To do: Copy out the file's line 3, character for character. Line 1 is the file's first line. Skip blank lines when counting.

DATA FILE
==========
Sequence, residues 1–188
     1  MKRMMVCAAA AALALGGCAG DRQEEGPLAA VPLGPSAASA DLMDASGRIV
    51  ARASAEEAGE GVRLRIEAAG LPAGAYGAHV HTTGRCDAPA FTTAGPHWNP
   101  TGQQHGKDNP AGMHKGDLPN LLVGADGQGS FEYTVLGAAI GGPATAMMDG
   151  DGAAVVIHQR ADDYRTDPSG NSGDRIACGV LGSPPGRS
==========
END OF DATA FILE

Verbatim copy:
    51  ARASAEEAGE GVRLRIEAAG LPAGAYGAHV HTTGRCDAPA FTTAGPHWNP